Day 1, June 22, 2011
Diagnosis: Papillary Carcinoma
What? Over 99% of all thyroid nodules are benign! I have thyroid cancer? I am one of the less than 1%, how is this possible? Numbness. Shock. Okay, I can do this. What the heck is a thyroid and do I need it? I need surgery and then maybe radiated iodine chemotherapy and a daily hormone pill for the rest of my life. Don't worry. This is the best cancer to get, it's treatable and not fatal. It can spread to the lymph nodes in the neck. I need to write things down. I need to do some research. My doctor says not to despair.
Day 2, June 23, 2011
I told two friends. I haven't cried. My doctor calls it a "smoldering" cancer because it is slow-growing. Most probably it has been with me for years. I had no symptoms. It was hard to sleep tonight.
Day 3, Jun 24, 2011
Today I had bloodwork for my ENT appointment, then downtown for scheduled medical tests and to get a Shingles vaccination. I am having a reaction to the shot, a large oval-shaped rash, which seems to be spreading, like an allergic reaction. To make my day complete I break my little toe while doing housework. Really?
What I know so far...
The thyroid is one of the largest endocrine glands.
"The thyroid gland controls how quickly the body uses energy, makes proteins, and controls how sensitive the body should be to other hormones. It participates in these processes by producing thyroid hormones, the principal ones being triiodothyronine (T3) and thyroxine (T4). These hormones regulate the rate of metabolism and affect the growth and rate of function of many other systems in the body. T3 and T4 are synthesized from both iodine and tyrosine. The thyroid also produces calcitonin, which plays a role in calcium homeostasis." (from Wikipedia)
Some symptoms that may be attributed to thyroid problems or diseases:
Hoarseness, neck pain, lethargy, weight gain and inability to lose weight, swelling in neck lymph nodes, hormonal swings.
I will meet with my Ear, Nose & Throat doctor once he returns from his vacation and I return from mine. Yea....
July 11, 2011
Follow up appointment with my ENT doctor.
My husband and I met with my doctor. My cancer is Stage 1, my lymph nodes are clear. My only treatment option is surgery. My son-in-law, an internist, agrees. My doctor and his partner can do the surgery. They perform this surgery together several times a month and my doctor has an eight year history in the surgery. At risk are the four parathyroid glands which control the amount of calcium in the blood and bones. One only needs 1/2 of one gland still functioning, so the risk is minimal that all glands would be non-functioning after surgery. Another risk is damage to the vocal chords. Hoarseness maybe a temporary or permanent condition.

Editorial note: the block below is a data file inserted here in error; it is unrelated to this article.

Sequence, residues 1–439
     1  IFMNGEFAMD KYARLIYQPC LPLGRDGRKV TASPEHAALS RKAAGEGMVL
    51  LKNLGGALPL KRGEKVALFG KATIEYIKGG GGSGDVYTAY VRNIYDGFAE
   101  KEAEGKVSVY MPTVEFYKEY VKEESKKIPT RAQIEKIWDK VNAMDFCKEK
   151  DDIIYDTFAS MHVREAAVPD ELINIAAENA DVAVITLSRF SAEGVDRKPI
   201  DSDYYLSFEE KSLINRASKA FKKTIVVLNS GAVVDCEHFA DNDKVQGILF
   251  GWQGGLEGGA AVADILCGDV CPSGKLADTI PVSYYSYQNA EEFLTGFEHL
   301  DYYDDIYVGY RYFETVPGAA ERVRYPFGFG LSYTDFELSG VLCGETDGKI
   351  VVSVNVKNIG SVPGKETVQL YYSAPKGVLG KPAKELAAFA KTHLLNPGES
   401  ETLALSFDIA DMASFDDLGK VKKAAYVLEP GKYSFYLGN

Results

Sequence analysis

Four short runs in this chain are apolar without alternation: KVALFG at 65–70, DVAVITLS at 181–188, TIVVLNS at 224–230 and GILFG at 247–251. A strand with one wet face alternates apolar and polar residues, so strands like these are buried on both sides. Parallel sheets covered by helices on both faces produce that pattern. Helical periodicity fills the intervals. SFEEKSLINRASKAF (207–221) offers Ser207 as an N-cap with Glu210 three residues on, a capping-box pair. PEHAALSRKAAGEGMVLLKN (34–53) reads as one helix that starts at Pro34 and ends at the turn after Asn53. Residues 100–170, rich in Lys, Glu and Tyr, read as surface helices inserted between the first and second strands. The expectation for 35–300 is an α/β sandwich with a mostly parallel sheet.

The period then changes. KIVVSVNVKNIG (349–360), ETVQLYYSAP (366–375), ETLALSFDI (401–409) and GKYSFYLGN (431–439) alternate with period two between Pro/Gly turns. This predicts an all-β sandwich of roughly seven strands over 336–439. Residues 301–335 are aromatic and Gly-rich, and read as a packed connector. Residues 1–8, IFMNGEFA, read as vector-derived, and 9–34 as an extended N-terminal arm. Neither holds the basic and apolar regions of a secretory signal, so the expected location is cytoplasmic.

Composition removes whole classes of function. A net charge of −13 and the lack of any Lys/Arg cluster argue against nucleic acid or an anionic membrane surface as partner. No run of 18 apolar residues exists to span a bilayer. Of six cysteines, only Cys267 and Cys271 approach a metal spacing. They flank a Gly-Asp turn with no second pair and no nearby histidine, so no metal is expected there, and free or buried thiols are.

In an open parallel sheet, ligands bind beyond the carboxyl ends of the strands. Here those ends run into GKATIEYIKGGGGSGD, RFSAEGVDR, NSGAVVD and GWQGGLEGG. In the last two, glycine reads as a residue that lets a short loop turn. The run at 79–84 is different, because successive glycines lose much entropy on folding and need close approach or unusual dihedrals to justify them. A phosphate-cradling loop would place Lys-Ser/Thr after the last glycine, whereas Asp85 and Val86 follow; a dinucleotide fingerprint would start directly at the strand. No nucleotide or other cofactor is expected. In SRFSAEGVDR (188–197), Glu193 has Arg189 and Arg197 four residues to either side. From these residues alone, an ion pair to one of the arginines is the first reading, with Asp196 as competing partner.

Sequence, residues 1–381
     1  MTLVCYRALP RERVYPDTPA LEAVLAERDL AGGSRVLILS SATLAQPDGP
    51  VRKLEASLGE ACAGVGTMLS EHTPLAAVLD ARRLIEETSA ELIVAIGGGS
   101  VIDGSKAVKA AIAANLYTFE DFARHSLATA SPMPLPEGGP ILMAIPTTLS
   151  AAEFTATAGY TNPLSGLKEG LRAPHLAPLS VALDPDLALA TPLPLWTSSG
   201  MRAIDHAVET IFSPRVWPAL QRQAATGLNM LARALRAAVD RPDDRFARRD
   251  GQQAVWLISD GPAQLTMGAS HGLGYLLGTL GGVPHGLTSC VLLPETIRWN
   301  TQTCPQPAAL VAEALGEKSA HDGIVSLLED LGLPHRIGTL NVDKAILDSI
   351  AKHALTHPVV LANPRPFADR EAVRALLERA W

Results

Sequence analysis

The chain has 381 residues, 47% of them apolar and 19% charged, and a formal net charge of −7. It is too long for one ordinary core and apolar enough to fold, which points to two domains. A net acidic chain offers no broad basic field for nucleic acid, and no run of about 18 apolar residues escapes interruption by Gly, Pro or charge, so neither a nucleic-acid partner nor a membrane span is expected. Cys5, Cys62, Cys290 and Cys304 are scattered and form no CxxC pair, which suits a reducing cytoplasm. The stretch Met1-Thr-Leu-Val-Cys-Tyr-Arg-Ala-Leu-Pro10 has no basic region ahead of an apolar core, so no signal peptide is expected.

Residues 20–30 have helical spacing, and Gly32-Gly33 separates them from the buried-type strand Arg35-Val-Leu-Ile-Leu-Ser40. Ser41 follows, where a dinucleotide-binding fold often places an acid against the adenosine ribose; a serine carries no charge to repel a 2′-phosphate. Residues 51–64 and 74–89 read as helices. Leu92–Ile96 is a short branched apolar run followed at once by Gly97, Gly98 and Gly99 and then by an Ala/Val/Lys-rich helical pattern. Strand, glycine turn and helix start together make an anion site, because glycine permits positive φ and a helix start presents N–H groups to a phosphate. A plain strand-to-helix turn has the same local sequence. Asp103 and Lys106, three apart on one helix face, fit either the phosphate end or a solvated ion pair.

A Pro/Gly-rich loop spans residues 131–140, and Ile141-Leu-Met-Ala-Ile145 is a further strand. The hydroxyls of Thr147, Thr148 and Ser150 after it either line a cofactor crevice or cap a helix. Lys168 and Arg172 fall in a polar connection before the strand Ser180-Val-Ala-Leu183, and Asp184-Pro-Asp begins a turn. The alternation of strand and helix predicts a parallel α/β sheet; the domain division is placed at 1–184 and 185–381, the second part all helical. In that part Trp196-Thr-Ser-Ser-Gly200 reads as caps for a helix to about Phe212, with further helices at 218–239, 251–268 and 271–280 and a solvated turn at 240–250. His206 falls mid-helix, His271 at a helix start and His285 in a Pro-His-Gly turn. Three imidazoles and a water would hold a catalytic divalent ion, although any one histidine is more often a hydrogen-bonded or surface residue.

How did I get this disease? The school of thought is that it develops in those who have had radiation to the head and neck area. I am puzzled. I have dental x-rays once a year. No, that radiation is not the cause, as it is a concentrated and focused dosage in the mouth and jaw area only. I had a neck injury in the early 1980's and have consulted many different doctors over the years. Maybe there were x-rays involved. I do not recall.
After surgery I must take a daily thyroid hormone for the rest of my life, with regular follow-ups with an endricronologist, to monitor hormone levels.
Some additional statistics:
Thyroid papillary carcinoma is the most common thyroid cancer, commonly manifesting between the ages of 30 and 50 years old. There are on average, 37,000 new thyroid cancer cases each year in the United States. Females are the gender that are most likely to have papillary carcinoma of the thyroid. The ratio of women to men is three to one.
My next step is to meet with an endrocrinologist next month.
My message to you:
Have your yearly physical. Schedule the tests your doctor recommends. Ask your doctor to examine your thyroid.